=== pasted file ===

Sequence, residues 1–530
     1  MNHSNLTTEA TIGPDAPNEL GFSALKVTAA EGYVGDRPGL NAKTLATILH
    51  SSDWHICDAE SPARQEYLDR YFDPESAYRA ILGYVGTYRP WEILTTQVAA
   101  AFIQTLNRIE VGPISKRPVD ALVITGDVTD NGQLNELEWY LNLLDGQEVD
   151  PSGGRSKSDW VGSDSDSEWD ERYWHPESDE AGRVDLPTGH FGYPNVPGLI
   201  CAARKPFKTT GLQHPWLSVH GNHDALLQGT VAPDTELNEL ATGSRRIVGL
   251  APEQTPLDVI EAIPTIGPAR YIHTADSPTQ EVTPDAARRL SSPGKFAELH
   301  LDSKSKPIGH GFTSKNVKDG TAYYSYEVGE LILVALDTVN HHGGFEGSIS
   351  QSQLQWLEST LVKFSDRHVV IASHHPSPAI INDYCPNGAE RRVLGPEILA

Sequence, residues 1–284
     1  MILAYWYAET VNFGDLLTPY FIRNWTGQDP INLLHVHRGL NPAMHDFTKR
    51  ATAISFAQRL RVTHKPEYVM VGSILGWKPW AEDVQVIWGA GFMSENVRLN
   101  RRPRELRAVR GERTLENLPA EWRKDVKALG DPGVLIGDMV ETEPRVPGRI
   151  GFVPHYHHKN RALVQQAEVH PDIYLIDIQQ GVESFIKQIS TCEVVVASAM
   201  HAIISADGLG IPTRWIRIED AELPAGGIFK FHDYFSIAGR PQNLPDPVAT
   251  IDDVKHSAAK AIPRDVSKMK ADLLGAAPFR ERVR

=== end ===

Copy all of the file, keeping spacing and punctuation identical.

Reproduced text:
Sequence, residues 1–530
     1  MNHSNLTTEA TIGPDAPNEL GFSALKVTAA EGYVGDRPGL NAKTLATILH
    51  SSDWHICDAE SPARQEYLDR YFDPESAYRA ILGYVGTYRP WEILTTQVAA
   101  AFIQTLNRIE VGPISKRPVD ALVITGDVTD NGQLNELEWY LNLLDGQEVD
   151  PSGGRSKSDW VGSDSDSEWD ERYWHPESDE AGRVDLPTGH FGYPNVPGLI
   201  CAARKPFKTT GLQHPWLSVH GNHDALLQGT VAPDTELNEL ATGSRRIVGL
   251  APEQTPLDVI EAIPTIGPAR YIHTADSPTQ EVTPDAARRL SSPGKFAELH
   301  LDSKSKPIGH GFTSKNVKDG TAYYSYEVGE LILVALDTVN HHGGFEGSIS
   351  QSQLQWLEST LVKFSDRHVV IASHHPSPAI INDYCPNGAE RRVLGPEILA

Sequence, residues 1–284
     1  MILAYWYAET VNFGDLLTPY FIRNWTGQDP INLLHVHRGL NPAMHDFTKR
    51  ATAISFAQRL RVTHKPEYVM VGSILGWKPW AEDVQVIWGA GFMSENVRLN
   101  RRPRELRAVR GERTLENLPA EWRKDVKALG DPGVLIGDMV ETEPRVPGRI
   151  GFVPHYHHKN RALVQQAEVH PDIYLIDIQQ GVESFIKQIS TCEVVVASAM
   201  HAIISADGLG IPTRWIRIED AELPAGGIFK FHDYFSIAGR PQNLPDPVAT
   251  IDDVKHSAAK AIPRDVSKMK ADLLGAAPFR ERVR